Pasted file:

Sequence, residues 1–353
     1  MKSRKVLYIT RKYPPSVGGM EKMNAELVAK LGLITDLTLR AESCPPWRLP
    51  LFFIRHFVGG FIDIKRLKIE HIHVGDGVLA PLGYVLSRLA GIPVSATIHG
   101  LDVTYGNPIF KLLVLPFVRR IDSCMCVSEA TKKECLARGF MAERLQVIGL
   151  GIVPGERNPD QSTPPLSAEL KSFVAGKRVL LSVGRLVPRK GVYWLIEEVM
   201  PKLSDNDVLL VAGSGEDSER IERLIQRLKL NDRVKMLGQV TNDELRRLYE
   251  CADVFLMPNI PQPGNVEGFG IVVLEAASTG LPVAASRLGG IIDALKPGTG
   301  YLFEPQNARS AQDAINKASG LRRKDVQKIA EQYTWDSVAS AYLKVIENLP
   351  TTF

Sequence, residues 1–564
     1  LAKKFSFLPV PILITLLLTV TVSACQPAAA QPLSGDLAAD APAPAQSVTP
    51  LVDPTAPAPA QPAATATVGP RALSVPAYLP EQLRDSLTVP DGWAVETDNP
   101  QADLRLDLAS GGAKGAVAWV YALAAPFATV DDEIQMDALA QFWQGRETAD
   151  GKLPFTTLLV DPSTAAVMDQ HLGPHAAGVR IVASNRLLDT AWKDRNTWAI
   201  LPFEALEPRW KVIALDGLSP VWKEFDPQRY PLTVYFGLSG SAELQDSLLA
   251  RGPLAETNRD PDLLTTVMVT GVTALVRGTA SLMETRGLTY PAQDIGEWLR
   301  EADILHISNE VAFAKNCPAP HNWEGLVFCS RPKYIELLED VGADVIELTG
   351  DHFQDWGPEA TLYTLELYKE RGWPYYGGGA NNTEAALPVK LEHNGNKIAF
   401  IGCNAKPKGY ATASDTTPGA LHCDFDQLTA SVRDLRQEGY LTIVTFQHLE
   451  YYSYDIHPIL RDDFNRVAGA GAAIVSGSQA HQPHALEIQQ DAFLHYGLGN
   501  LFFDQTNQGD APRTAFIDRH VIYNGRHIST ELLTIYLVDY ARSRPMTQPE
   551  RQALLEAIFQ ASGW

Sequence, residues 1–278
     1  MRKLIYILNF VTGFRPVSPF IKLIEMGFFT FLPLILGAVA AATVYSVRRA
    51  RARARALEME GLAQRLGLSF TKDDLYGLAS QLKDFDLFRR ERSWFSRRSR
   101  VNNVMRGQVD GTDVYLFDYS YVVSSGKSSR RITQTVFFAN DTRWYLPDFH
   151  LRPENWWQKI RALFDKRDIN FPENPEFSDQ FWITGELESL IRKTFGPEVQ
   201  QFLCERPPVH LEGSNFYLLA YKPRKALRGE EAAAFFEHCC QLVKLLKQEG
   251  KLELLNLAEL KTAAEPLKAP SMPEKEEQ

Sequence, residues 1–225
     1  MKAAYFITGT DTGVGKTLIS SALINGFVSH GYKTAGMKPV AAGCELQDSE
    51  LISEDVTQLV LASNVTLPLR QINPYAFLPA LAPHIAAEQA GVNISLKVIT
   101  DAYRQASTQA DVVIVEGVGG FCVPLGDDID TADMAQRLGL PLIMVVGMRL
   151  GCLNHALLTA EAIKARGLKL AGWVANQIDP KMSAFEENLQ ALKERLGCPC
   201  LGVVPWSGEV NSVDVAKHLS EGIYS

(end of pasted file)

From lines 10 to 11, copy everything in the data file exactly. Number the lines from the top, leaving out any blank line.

Sequence, residues 1–564
     1  LAKKFSFLPV PILITLLLTV TVSACQPAAA QPLSGDLAAD APAPAQSVTP